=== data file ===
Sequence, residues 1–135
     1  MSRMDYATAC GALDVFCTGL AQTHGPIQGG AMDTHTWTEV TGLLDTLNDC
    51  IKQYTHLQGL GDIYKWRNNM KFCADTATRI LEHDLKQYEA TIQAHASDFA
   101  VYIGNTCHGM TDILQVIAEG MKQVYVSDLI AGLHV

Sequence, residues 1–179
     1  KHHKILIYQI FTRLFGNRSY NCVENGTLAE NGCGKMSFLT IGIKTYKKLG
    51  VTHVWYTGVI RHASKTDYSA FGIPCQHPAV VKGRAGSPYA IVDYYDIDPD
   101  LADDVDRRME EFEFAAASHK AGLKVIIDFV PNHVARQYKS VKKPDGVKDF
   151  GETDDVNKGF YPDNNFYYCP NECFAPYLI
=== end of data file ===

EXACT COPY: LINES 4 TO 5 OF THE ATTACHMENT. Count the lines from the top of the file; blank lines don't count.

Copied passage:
   101  VYIGNTCHGM TDILQVIAEG MKQVYVSDLI AGLHV

Sequence, residues 1–179